3. Leadership

According to ISO 55000 Leadership and workplace culture are determinants of realization of value. The standard requires a number of specific things from leaders such as ensuring that the asset management policy, SAMP, and objectives are created and maintained, and ensuring the integration of the asset management system requirements into the organization’s business processes. As all business leaders are aware the leadership style sets the tone for the organization and has a profound effect on the performance of the business. However, leadership at lower levels needs to propagate the top-level view throughout the organisation and middle managers, supervisors and team leaders all need to be adequately developed to do this. Culture in the workplace is set by the example staff see both in their direct superiors and in the signals that come from top management.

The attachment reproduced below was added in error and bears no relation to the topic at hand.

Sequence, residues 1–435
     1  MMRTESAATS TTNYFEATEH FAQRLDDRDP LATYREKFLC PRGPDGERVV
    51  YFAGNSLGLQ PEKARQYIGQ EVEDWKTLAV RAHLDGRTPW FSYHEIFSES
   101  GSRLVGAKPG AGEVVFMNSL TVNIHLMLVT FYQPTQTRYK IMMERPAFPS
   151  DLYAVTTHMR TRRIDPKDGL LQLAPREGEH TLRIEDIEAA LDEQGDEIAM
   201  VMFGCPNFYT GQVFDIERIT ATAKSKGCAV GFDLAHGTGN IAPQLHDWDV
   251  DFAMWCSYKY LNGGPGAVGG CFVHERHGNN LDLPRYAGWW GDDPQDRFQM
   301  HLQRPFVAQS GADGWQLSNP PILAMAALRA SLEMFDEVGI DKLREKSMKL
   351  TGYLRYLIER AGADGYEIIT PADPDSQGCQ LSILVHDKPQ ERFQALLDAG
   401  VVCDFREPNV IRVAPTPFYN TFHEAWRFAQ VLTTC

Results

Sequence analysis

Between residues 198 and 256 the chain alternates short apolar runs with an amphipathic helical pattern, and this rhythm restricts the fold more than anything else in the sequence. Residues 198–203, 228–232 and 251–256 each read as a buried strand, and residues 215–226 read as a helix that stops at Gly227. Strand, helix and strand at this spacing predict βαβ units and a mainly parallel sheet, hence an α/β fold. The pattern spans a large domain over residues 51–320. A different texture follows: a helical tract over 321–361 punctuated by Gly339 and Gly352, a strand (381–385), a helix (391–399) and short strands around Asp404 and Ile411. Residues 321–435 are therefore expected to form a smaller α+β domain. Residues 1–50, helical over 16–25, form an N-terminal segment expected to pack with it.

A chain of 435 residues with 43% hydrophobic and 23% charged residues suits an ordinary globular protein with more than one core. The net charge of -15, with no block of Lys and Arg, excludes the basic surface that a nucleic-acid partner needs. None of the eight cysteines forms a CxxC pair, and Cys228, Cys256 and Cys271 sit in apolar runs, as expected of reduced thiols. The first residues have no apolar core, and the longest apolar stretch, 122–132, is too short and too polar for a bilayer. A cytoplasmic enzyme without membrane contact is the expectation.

4. Understanding

It is not unreasonable to assume that staff who have a good understanding of the business will focus their efforts better on what is important and, as referred to above, contribute to value generation. Asset management, by definition, requires a holistic approach and the concept of understanding and awareness of the business context applies equally to the three elements above, as well as many others. It is a question of staff seeing the ‘big picture’, and not just the tools and techniques. The so-called enablers feature very strongly in this area with information, communication, participation and culture all being vital elements of good asset management practice.

5. Effectiveness